In the 17th century, James Francis Edward Stuart, the son of King James II and VII of England, Scotland and Ireland, was born just months before his father was deposed and forced into exile in the Glorious Revolution of 1688. After his father’s death in 1701, James claimed he was the rightful heir to the British throne and for the rest of his life was known as ‘The Old Pretender’. It seems as if history has repeated itself in the 21st century. Reza Pahlavi, son of the deposed Shah of Iran, declared himself as the rightful King of the Imperial State of Iran, following his father’s death in 1980. At the age of 63 he has assumed the mantle of Shah II or ‘The Old Pretender’.

Reza Pahlavi’s attempts to resuscitate the Iranian monarchy have been as depressingly ignoble as that of James Francis Edward Stuart. Having fled into exile when his father was deposed in the 1979 revolution, the ‘Old Pretender’ has lived a life of great wealth and opulence in America ever since, although he has never been entirely transparent on the source of his fortune. Despite the apparent existence of abundant financial resources, and despite their mass exodus from Iran in 1979, monarchist groups were never able to transform themselves into a viable political force. Reza Pahlavi has been virtually invisible for the past forty years. He has never been able to assemble supporters of the monarchy in exile and form a cohesive group or organization during all this time, underlining the fact that the monarchy is a spent force that belongs to the past and has nothing to offer for the future of Iran.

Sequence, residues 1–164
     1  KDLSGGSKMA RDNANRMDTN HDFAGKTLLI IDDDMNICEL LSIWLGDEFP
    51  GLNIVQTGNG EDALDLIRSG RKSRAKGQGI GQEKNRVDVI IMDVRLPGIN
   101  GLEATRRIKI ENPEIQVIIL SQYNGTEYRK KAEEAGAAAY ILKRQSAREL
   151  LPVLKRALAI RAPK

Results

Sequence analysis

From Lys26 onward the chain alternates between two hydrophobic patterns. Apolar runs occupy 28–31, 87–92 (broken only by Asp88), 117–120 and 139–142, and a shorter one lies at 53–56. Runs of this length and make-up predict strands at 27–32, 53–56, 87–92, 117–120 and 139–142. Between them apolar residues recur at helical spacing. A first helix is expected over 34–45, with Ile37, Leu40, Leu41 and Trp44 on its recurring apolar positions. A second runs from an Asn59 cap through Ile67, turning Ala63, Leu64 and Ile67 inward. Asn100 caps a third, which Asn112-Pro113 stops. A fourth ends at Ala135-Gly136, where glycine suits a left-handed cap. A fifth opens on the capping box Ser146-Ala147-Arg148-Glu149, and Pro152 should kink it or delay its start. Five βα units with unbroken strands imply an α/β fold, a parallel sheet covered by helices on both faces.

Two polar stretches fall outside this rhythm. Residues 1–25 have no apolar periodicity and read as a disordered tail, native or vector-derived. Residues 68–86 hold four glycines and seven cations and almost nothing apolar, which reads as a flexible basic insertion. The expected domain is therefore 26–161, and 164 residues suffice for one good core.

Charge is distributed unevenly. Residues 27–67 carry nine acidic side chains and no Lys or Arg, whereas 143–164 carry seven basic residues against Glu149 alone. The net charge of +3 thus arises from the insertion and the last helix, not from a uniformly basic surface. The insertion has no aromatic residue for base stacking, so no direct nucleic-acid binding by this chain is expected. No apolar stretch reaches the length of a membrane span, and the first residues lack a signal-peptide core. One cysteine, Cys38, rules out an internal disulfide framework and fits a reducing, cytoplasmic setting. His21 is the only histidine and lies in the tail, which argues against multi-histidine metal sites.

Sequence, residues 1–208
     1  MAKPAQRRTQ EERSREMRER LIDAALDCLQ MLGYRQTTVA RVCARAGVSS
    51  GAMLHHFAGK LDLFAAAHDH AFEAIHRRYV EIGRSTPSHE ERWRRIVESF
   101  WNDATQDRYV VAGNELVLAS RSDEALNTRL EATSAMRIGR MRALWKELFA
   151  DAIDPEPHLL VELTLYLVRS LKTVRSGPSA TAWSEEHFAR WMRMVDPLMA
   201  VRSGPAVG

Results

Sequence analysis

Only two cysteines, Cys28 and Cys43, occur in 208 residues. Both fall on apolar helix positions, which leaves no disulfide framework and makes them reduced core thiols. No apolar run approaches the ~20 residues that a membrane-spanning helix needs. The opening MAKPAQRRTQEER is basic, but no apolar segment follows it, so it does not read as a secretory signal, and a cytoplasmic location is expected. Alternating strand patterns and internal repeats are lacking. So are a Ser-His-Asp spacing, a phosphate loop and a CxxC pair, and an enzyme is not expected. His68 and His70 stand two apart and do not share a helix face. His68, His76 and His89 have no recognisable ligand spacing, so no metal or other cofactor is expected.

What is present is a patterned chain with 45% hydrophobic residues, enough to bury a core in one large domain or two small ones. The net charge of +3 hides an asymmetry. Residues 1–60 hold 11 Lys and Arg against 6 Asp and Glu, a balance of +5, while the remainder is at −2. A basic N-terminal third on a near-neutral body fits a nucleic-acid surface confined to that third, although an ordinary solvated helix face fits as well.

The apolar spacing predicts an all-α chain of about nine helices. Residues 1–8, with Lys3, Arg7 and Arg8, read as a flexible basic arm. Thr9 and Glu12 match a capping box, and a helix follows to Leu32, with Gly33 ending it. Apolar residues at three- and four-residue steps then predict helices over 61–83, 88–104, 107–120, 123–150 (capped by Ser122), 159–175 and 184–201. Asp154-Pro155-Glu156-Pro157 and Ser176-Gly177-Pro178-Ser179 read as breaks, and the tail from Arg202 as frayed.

The overthrow of the Shah in the 1979 revolution was hailed by the Iranian people as a deliverance from cruel oppression. The monarchy's relationship with the clergy, who hi-jacked the revolution to seize power, was a complex one. The Shah had initially shown fidelity to religious customs and leaned on the clergy during the first two decades of his rule. It was a symbiotic relationship. The monarchy derived its ‘divine’ claim to legitimacy from the clergy, and the clergy derived its social power and wealth from the monarchy's acquiescence. The two institutions were a major impediment to the formation of a developed civic society based on democratic values and human rights. The clergy, with some exceptions, tried to stay in the Shah's favour and maintained pervasive relations with SAVAK, the Shah’s hated secret police, who brutally murdered and tortured political activists and intellectuals, including authors, academics, artists, and poets. But following widespread demonstrations against his oppressive rule, the Shah fled in January 1979, never to return.